As a seasoned brewer, I have had my fair share of challenges and triumphs when it comes to crafting the perfect cider.
One of the most common problems I encountered when I started out, and a question that I often get from fellow brewers, is: Why did my cider fermentation suddenly stop?
There are several reasons why your cider may have stopped fermenting prematurely. Overall, the most common reasons will fit in one of the three categories:
- Suboptimal fermentation environment (temperature, pH, toxins etc.)
- Lack of nutrients in substrate.
- Auto inhibition of yeast (waste product accumulation).
While it might seem disheartening, it’s important to remember that this is a common issue, and it can often be fixed with a bit of troubleshooting.
In this blog post, I will outline five of the main reasons why your cider may have stopped fermenting, and offer some potential solutions for each.
Reason 1: The Yeast Has Been Killed
One of the most common reasons why fermentation may stop prematurely is that the yeast has been killed.
This can happen if the temperature during cider fermentation is too high, or if the cider contains additives that are toxic to yeast.
Wrong fermentation temperature
Yeast works optimally at around 30C (86F), but will stop fermenting at around 42 (107F). Shorter heat or cold shocks can have the same effect.
I recommend never going near the higher temperature range as this will also negatively impact the taste. We usually brew our ciders below 20C (70F). Go too low <10C (50F) you start forcing most yeast strains into dormancy, also known as cold crashing.
Keep your fermentation at a steady temperature that is ideal for the yeast strain you are using. Most strains of yeast prefer a temperature between 60°F to 75°F so keep it in that range until the fermentation starts again. Then you can move it to a lower range again.
Inhibition by sulfites (campden)
I’ve had a few cider fermentations stop on me (or never really start…) because I added too much sulfite or inoculated my yeast too early.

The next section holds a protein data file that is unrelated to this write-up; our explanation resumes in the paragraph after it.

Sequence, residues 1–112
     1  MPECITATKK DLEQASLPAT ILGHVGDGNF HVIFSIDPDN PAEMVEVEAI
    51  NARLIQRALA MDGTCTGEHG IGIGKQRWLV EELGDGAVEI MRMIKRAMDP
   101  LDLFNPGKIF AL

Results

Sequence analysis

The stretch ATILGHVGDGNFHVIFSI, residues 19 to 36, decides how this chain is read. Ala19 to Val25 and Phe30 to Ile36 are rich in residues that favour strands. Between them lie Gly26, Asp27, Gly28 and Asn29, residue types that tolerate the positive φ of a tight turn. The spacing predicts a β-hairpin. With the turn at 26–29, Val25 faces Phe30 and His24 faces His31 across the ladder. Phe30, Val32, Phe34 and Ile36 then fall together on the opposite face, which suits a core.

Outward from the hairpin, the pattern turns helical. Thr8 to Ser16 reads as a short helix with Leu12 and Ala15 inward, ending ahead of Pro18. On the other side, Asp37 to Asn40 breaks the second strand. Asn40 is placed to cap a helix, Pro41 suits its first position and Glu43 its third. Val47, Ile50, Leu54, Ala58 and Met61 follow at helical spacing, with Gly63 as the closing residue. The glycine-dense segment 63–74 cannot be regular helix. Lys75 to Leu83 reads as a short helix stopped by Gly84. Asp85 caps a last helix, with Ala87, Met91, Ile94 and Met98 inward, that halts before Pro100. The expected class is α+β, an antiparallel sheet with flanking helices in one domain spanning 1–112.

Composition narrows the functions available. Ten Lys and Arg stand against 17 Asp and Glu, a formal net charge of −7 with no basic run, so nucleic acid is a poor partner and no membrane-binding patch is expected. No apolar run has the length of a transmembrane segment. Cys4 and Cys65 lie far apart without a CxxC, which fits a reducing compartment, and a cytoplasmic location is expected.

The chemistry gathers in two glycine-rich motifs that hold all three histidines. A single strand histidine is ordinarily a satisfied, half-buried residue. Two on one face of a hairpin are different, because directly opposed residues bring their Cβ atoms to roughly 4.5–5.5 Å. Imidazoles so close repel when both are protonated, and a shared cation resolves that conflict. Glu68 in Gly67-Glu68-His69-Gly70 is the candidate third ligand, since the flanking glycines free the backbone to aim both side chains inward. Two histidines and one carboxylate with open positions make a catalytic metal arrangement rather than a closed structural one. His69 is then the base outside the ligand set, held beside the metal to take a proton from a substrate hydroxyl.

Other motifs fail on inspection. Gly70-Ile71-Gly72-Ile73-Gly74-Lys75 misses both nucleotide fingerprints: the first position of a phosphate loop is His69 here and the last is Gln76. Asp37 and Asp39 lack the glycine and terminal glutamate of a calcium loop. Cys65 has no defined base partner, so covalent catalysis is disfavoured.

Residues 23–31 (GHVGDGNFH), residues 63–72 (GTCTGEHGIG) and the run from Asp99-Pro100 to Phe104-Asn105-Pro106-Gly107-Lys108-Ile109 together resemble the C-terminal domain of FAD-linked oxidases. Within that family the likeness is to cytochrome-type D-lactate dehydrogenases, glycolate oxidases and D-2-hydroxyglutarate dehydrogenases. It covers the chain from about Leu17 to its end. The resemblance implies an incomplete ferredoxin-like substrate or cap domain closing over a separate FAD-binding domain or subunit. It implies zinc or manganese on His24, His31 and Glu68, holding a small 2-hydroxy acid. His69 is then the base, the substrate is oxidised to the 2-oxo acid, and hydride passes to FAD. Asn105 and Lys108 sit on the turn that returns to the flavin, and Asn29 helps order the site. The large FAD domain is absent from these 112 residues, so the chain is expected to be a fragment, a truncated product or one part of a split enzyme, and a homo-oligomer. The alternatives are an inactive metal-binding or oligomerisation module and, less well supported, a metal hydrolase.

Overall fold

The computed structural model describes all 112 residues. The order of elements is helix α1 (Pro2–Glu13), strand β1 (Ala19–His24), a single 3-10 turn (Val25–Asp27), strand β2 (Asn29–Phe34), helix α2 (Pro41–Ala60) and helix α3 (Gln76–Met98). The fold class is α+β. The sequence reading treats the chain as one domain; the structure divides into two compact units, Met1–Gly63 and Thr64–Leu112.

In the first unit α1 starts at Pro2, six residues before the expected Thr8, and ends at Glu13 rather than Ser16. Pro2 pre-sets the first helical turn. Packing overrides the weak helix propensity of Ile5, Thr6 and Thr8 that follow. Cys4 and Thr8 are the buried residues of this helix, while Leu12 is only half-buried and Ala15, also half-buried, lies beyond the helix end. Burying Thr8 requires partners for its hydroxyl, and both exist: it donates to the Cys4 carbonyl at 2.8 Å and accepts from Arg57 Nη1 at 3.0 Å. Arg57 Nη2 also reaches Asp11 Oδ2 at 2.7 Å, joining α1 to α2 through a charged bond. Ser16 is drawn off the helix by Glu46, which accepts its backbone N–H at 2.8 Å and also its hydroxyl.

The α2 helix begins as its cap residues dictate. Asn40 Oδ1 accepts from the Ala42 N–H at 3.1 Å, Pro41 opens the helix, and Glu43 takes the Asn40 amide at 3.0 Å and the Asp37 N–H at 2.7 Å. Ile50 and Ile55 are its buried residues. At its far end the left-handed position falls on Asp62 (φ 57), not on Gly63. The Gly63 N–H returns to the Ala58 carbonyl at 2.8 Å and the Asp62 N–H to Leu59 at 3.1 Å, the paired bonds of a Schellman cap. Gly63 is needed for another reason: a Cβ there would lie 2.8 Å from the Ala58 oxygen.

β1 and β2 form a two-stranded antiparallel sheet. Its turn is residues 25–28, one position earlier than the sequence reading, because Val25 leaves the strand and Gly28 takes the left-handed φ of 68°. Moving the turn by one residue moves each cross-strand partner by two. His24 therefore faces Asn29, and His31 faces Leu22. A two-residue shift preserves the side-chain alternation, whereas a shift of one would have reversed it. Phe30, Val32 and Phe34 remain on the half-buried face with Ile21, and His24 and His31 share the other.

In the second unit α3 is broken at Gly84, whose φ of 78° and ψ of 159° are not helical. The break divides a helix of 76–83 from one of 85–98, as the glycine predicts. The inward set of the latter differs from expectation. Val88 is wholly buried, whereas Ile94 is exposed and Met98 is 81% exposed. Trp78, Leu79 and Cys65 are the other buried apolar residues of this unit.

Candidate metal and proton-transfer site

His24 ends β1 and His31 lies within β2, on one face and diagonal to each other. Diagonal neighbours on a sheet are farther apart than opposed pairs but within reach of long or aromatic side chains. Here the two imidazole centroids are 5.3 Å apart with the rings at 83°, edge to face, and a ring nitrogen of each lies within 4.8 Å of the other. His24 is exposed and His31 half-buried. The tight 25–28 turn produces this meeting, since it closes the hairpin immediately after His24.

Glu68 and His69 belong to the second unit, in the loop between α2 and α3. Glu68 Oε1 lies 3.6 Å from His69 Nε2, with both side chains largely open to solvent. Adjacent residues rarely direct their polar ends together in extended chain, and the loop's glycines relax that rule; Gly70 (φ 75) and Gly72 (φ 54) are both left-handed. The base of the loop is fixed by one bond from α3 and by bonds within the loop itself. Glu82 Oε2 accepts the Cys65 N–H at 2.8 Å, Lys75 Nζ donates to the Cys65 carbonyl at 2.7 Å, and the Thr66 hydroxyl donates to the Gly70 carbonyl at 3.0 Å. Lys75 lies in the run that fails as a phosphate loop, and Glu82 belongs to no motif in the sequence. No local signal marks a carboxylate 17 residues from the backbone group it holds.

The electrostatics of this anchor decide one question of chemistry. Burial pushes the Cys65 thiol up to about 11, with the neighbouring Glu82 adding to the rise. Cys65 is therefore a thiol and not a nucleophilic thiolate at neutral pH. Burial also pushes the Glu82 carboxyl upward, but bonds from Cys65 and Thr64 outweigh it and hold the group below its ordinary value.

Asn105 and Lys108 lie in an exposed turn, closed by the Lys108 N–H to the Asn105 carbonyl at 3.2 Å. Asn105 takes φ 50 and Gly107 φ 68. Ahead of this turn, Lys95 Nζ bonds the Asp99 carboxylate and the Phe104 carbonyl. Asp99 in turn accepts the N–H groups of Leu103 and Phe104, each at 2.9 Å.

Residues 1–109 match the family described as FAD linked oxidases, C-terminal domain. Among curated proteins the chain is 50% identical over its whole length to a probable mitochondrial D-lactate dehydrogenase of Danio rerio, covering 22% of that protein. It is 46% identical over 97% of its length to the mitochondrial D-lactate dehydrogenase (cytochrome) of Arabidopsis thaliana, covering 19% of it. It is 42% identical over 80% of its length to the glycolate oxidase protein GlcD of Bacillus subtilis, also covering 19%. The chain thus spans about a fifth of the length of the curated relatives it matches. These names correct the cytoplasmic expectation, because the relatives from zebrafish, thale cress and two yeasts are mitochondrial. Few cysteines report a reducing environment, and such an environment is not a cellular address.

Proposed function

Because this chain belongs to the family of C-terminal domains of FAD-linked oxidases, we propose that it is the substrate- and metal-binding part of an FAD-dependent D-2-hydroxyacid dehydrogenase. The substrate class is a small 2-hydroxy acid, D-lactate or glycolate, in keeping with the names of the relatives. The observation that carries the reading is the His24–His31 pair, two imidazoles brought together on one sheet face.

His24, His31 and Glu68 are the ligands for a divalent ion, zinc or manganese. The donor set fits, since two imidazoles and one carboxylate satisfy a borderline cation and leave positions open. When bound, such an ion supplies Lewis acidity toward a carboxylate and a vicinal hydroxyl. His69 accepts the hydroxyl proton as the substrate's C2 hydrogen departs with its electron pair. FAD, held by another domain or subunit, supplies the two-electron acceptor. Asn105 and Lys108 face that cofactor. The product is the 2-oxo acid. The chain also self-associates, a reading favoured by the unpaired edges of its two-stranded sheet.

When you press your own apple juice, there will be wild yeast present that you can kill off using sulfites/Campden to get a more controlled monoculture.
However, if you add too much campden, it will also affect most commercial yeasts.
What I did to restart the fermentation when overburdened by sulfites was:
- Splashing the juice by pouring it back and fourth between two containers.
- Leaving the fermentation vessel semi-open to allow air (and SO2) to escape.
- Start a fresh yeast culture grown in pasteurized apple juice.
The oxygen added through splashing will react with the sulfites in brew allowing it to escape as SO2 gas.
Leaving the vessel open for a few days allows everything to escape and adding a new culture afterwards will restart the fermentation.
There are also other things you can do to remove sulfites, especially if you are at a later stage of fermentation and do not want oxygen exposure, such as reacting sulfites with copper, which I have written about here.
Presence of other toxins
So, there may be other toxic substances to the yeast present in your cider.
These could be sorbates or benzoates if you are using store bought apple juice or even some pesticides/herbicides could affect the growth of the yeast.
If you are brewing from concentrate, the chlorine, fluoride and hardness of the tap water could can also play a role in yeast activity.
Other yeasts present in the (wild fermenting) brew could also compete with the added or best fermenting yeast without growing well at high ABVs themselves.
As there can be many toxic substances in juice that can inhibit yeast (although generally rare…) it is hard to propose a general solution.
Some substances can be heat treated away, other break down by cold temperatures (freezing), wheres some cannot be removed and will have to be diluted out with “clean” juice.
When these things are solved, add some fresh yeast starter to restart the fermentation.
Reason 2: Yeast Lacks Nutrients
Yeast needs nutrients to thrive and ferment your cider. If your juice lacks these nutrients, the yeast may stop fermenting prematurely.
You can add yeast nutrient to your cider to help the yeast thrive. Yeast nutrient is a blend of vitamins and minerals that yeast needs to grow and ferment properly. Add it at the beginning of fermentation to give your yeast the best chance of success.
Reason 3: The Yeast has gone Dormant
Sometimes, the yeast may become dormant and stop fermenting even though no toxins were present from the start. This can occur if the temperature during fermentation is too low, or if the yeast is burdened by its own waste products or other chemicals resulting from the fermentation.
This can be many secondary metabolites but in particular the acids created during fermentation by the yeast(s) or bacteria present, which may change the pH or inhibit the yeast.
It is therefore important to monitor the pH during fermentation.
Alcohol is another obvious reason, but his will kill the yeas rather than inhibit it to dormancy.
Try to keep your fermentation at a steady temperature that is ideal for the yeast strain you are using.
Measure pH and add calcium chloride or baking soda to adjust pH if necessary. Dilution with less acidic juice can also be an option.
If the yeast is old or has been improperly stored, consider using a fresh packet of yeast.
Reason 4: Too Much Alcohol
An obvious one. You will have an idea of the alcohol tolerance of your yeast and a measure of alcohol by the SG at the beginning minus the current one.